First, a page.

Dr. T and the Women (October, 2000)

You need to have a quick eye — and quick ears — to watch a Robert Altman film. So many important and tiny elements are embedded into each scene like pixels on a Web page. I saw Dr. T and the Women yesterday – and there were indeed many quirky details to track.

The story centers around Dr. Sullivan (“Sully”) Travis (Richard Gere), an uber-popular Dallas-based OB-GYN (“The lucky kind [of doctor]” a character remarks) — surrounded by women: petulant fur-trimmed, Manolo Blahnik-stamping, demanding patients; a pathetically loony wife; a recently divorced, champagne-drinking alcoholic sister-in-law (brilliantly drawn by Laura Dern) and two sexually-confused daughters.

Dallas is the perfect setting in which to exhibit the most extreme caricatures of girly-girlish femininity: the big hair, lavish jewelry, fur and more fur, elaborate use of cosmetics. The women (gals?) are a pouting, flouncing, frowning, cuckolding bunch. They seem so in need of male attention that they gladly ease their pedicured heels into mink-lined stirrups for pap smears. (“Dr. T will use the small speculum if you ask him – he’s just soooo considerate,” coos one simpering patient to another.) They are all so spoiled and so hateful and distrustful of their fellow double XXers — an overly-powdered, feathered hat-wearing elderly woman trips emotionally-needy Dorothy (Janine Turner) with her cane at every turn. One patient insists on smoking during her examinations. Dr. T’s staff, reassuringly normal (except for nurse Shelley Long, who’s almost dementedly perky — I loved it when she reminded Dr. T that the “fillies are gettin’ restless out there,” followed by a horsey snort). They seem just as appalled by the behavior of the patients as they suffer insults from the bratty scions.

Poor Dr. T — he suffers shrill female cacophony every minute of his life, except in the company of his buddies for some skeet-shooting or duck hunting. But they’re no comfort: they are just as pussy-whipped and hen-pecked as he is. Sully has a lot of love to give, but none of the women he offers adoration, love and support to return the favor in kind. When he admits to his buddies in the country club locker room that he “wouldn’t have it any other way,” you can see a trace of wistfulness in his eyes. Dr. T is even told by a psychologist (Lee Grant) that his wife Kate (a brief, touching performance by Farrah Fawcett) has regressed to a childlike state because Sully has simply “loved her too much.”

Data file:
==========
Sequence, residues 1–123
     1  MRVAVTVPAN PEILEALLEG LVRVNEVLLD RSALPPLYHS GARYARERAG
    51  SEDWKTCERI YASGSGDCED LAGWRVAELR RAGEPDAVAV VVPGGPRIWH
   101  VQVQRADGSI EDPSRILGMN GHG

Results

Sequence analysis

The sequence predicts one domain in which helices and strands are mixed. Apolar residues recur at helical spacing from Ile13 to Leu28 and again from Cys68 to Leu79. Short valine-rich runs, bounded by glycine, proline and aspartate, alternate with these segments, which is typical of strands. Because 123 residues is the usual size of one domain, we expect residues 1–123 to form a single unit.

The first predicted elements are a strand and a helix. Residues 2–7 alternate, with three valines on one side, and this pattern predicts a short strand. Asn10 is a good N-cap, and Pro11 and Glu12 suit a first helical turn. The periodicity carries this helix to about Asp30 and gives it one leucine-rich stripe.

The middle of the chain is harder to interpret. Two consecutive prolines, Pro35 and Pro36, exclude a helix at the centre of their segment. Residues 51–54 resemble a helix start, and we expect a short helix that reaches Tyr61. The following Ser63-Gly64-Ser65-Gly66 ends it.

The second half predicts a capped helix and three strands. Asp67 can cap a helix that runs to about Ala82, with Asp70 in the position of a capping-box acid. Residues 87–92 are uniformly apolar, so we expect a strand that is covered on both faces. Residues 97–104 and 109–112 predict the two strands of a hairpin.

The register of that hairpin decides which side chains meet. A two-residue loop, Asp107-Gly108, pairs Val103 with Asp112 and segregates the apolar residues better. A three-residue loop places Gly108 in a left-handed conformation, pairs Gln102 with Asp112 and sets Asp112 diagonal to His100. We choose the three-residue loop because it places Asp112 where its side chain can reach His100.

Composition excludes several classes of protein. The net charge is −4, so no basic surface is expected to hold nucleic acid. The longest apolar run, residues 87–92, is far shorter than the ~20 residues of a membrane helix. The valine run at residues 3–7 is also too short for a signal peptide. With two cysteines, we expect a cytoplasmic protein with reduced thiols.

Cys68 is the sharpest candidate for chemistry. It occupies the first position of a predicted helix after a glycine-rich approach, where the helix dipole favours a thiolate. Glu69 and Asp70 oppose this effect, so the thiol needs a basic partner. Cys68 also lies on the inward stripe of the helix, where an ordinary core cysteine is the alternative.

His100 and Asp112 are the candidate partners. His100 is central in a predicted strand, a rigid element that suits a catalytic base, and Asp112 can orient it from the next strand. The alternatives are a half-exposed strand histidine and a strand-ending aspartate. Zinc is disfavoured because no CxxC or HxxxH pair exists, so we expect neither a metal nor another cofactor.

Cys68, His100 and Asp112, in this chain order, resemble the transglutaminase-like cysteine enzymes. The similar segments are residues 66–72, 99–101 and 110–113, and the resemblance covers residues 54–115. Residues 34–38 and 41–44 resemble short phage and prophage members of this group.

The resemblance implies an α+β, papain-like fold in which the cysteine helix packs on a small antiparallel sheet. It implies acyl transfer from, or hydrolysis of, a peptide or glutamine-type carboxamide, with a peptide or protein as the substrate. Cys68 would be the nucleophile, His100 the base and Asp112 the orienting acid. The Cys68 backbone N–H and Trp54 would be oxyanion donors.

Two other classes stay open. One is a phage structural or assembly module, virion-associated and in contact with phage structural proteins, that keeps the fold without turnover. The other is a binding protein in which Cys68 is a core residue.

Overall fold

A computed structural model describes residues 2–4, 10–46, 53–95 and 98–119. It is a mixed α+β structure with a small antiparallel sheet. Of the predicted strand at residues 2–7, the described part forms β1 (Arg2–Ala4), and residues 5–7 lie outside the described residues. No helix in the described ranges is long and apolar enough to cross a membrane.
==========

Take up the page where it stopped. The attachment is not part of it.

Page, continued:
And so with Kate institutionalized, Sully eventually meets a woman golf-pro/golf instructor named Brie (not like the cheese but short for Briede, as she points out) played with witty East-coast smarts by Helen Hunt. She’s completely unlike all the other women in Dr. T’s life, so he can’t help but fall for her. In the midst of this epiphany, Dr. T must still sort through the ongoing female chaos that surrounds him: his troubled daughter Connie (Tara Reid) informs him, conspiratorially, that his soon-to-be-a-bride older daughter Dee-Dee (Kate Hudson) is really a lesbian and still in love with her newly-chosen Maid of Honor Marilyn (Liv Tyler), with whom Dee-Dee had had a supposedly short-lived college affair. His perpetually chirpy, devoted nurse (Shelley Long) even attempts an embarrassing all-or-nothing confession of love for him one night. (And really, would she have given Dr. T the genuine love he so very much needs? Not likely. She’s simply far more needy than he is.)

Women, women, women — surrounding and suffocating, demanding his attention before all others. Sully Travis has dutifully given them what they crave — but no one’s even recognizing the good doctor’s own needs. After Dee-Dee’s outdoor wedding is spoiled by unpredictable Texas weather and a jolting, champagne-spewing revelation, Dr. T heads for what he hopes is his emotional salvation: Brie the Golf Lady. Soaking wet from the rain and jubilant in his newly-realized clarity, he proposes that the two of them spend the rest of their lives together. Sully, in a joyous outpouring, tells her that she won’t have to work or give another golf lesson ever again, that he’ll take care of her… Unwittingly, he’s fallen back into the old trap of Protector, Apologist and Supplicant. But Brie saves him — she rebuffs him gently by asking, “But why would I want that? I like what I do.” She is actually what he wants, what he needs — but that is precisely why he can’t have her…on his unconsciously atavistic terms. Shaken, he realizes that he is trapped in a world of his own making by simply allowing the women in his life to have the emotional overrun of his psyche.

After a dizzying, frightful tumble within a tornado (seriously) — Dr. T arrives at a satisfying punch line ending. A lot of details and a lot of fun — if only more films could be this complex and this simple at the same time.

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